Improving Air Quality In Witney

Air pollution is the single largest environmental risk to human health in the UK, contributing to approximately 34,000 early deaths each year. Come and share ideas on how our own behaviour could protect our children from harmful levels of air pollution.


Dr Suzanne Bartington is a Public Health Registrar and Clinical Research Fellow at the University of Birmingham, where she leads a team investigating the health impacts of air pollution from before birth to old age. She will discuss the role of interdisciplinary research bridging social, health and environmental sciences in tackling this global health challenge and for informing policy within the UK Clean Air Strategy.

Andrew Prosser is an Environmental Consultant with expertise on carbon emissions, across the built environment, infrastructure and transport sectors. His presentation will examine the air quality issues of relevance to Witney. He will cover the town’s designated Air Quality Management Areas including Bridge Street, in the context of the West Oxfordshire Local Plan. Drawing on case studies in other towns and cities, he will review potential measures and current plans to improve air quality.

Dr. Frances Mortimer is the Medical Director of the Centre for Sustainable Healthcare, in Oxford. Formerly an NHS doctor, her goal now is to create a green, efficient health system as part of our transformation to a healthy, just and sustainable society. Frances will facilitate a public discussion including the speakers, representatives of other groups and members of the audience.

Register FREE on Eventbrite


Madder Than Usual Plan

Oxford City Council has resolved to oppose the expressway from Oxford to Cambridge. It declares the government’s plans for a huge road bordered by a million new homes unclear and contradictory.

The claim that the expressway will somehow bring huge benefits to Oxford does not impress even Oxford. Cambridge is yet to express an opinion.

Save Money – Use Volunteers – The Loss Of Libraries

Volunteering has a central role in Tory doctrine. Think David Cameron’s Big Society.

According to the Chartered Institute of Public finance and Accountancy, 130 public libraries closed in Britain last year. Full-time staff fell by 712 and about 3,000 more volunteers were recruited. There are now over 51,000 library volunteers.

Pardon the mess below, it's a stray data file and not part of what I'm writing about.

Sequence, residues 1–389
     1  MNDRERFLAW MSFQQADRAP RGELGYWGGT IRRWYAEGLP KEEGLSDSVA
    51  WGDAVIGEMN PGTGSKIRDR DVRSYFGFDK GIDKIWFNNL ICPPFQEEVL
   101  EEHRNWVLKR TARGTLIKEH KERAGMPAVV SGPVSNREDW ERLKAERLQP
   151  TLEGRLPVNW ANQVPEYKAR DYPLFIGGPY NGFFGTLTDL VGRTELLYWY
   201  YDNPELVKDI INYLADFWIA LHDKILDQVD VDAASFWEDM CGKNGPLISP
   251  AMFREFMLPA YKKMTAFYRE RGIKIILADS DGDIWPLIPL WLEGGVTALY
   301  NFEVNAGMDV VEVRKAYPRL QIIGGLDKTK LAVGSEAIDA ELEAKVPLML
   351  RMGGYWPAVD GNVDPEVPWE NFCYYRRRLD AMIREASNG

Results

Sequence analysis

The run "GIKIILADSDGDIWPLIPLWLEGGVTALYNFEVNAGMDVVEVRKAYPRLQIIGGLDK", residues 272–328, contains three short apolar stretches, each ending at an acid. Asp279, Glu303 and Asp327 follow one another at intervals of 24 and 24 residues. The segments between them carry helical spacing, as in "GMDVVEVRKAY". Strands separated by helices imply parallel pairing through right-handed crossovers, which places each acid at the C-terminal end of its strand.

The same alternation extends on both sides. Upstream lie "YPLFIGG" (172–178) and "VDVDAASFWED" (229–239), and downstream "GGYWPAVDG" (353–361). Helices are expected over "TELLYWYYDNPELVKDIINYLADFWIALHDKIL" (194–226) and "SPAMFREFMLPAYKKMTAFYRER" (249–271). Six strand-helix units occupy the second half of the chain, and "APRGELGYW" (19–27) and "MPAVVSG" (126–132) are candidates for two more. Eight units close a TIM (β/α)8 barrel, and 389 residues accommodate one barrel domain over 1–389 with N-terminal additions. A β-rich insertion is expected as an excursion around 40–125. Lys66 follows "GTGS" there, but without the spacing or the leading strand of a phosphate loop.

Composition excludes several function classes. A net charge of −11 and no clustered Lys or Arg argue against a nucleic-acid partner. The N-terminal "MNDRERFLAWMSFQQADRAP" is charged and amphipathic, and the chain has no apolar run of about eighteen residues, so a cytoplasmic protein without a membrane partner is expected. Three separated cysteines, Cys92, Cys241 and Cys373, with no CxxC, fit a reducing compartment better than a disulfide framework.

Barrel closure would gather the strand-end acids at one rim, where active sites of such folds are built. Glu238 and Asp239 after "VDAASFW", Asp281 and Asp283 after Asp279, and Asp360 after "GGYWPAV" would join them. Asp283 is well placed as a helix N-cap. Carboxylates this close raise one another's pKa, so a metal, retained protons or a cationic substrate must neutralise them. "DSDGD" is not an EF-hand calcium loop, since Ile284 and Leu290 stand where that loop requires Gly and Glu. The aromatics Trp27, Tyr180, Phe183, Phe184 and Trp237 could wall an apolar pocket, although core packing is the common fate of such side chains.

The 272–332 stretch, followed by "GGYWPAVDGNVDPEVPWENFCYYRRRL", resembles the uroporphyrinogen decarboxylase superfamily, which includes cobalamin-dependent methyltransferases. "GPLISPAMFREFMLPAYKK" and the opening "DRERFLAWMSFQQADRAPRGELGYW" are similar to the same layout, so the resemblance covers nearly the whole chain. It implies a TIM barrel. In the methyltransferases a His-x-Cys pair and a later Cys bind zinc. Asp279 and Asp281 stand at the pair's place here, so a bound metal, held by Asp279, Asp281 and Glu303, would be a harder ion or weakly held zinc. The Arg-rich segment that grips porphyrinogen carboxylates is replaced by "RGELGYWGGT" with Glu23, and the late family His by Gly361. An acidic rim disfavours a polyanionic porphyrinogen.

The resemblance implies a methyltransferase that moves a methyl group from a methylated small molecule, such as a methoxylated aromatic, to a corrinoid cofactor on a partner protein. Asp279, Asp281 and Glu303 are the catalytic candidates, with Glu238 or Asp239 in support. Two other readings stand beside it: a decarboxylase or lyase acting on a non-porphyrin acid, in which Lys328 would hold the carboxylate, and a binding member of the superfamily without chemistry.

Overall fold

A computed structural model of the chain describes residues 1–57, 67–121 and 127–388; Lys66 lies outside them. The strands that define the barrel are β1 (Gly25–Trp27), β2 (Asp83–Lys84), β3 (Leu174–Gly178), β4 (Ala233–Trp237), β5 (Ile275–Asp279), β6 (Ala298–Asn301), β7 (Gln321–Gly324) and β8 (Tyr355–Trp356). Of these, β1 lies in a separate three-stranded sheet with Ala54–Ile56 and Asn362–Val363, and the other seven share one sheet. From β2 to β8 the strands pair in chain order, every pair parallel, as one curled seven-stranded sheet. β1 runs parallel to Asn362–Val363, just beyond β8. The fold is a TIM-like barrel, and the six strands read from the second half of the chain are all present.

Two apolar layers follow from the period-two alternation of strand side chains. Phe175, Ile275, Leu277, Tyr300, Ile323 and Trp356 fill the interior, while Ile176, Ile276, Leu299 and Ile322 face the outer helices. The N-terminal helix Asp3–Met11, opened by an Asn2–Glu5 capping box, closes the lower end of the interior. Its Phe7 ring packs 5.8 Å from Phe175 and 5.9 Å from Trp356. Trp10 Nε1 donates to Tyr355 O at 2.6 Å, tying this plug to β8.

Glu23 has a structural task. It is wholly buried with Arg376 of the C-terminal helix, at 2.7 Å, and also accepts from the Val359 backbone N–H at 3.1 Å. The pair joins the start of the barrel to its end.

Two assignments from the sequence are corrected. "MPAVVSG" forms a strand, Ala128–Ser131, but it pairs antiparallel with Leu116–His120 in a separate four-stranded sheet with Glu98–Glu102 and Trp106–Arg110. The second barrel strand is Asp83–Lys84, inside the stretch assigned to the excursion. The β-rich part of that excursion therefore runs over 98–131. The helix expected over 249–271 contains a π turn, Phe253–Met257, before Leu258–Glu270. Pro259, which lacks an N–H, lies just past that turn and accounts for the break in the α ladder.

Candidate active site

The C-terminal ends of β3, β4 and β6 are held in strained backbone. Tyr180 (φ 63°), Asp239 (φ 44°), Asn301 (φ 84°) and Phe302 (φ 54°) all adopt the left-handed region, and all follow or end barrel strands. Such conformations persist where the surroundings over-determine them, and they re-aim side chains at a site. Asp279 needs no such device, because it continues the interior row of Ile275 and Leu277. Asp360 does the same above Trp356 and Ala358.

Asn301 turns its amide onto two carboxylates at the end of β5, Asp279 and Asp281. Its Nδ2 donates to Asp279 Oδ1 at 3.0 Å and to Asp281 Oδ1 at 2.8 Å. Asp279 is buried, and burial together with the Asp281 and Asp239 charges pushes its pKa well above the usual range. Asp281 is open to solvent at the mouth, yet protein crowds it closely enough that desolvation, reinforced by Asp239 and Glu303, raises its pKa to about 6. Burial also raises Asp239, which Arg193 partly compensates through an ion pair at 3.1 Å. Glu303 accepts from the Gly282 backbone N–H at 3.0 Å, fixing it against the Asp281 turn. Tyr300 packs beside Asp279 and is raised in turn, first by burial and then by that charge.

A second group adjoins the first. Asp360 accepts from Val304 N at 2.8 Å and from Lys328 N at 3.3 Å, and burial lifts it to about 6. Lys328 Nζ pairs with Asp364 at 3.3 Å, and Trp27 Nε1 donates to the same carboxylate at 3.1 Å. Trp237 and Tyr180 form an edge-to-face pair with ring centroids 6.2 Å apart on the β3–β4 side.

Oxfordshire has closed no libraries: it has scrapped its mobile library service instead.

Our libraries are social and business hubs. People without a home computer depend on library facilities, not least for participation in government programmes. Book storage is one of the least important functions of public libraries, yet it is the one volunteers are most prepared to handle. The rest require qualified and experienced librarians rather than willing volunteers. Imagine volunteer electrician, volunteer pilot, volunteer surgeon.

The Missing Crime – Online Fraud

Parliament’s Home Affairs Committee has been trying to make sense of the UK’s crime statistics. It’s tricky because there is a survey source and a police source. And the latter distinguishes between reported crimes and those the police actually record.

The categories of recorded crime could have come straight from a Dixon of Dock Green script. The statistics have almost no concern for what has become one of the most serious crimes of all – online fraud.

“Only a tiny proportion of online fraud cases are ever investigated, and the police response to this form of crime is in desperate need of a fundamental restructure, with investigations undertaken at a national and regional level and local forces focusing on victim support.”

There would seem to have been no online fraud in Witney last year.

Could Do (Much, Much) Better

The National Audit Office has just published its Investigation into the Management of Health Screening. Read it only if you are prepared for a good weep.

So much for all the National Health’s promotion of screening. Only 33% of the bowel screening target was met because most GP surgeries were not linked to the system. NHS IT systems are “not fit for purpose”, not least because data are stored in 83 separate centres.

The NHS could not decide how many older women should be screened for breast cancer, and many were missed. The NHS then decided that “women who were contacted following the incident could be considered to have already had their final screen…. ” That’s OK then.

The NHS proclaims huge public benefit from its screening programmes, but the NAO expects much, much more benefit, and much, much less self-congratulation.


How To Win – Lessons For Green Party Members

South East Green Party’s campaigning expert, Annie Pickering, will lead this interactive, hands-on training session on how to win!

January 22, 2019 at 2pm – 3:30pm

Corner House, Charlbury, Chipping Norton OX7 3QW

Register for FREE here.

Come along and find out how the Green Party has won more councils seats than ever before and how you can get a Green councillor elected where you are.

All members welcome, those with lots – or – no elections experience.

The Second Referendum

It is not often that the Economist concurs with Green Party policy. Its comment on what it calls “this hopeless mess” is:

“… if a deal cannot be struck by March 29th, Britain will fall disastrously out of the EU. Every week in which Mrs May and Parliament fail to come up with a workable Brexit, it becomes clearer that the people themselves must decide—in a second referendum.”

The consequences of a second referendum may, of course, be the same views even more entrenched and the country even more divided. But the consequences of not having one?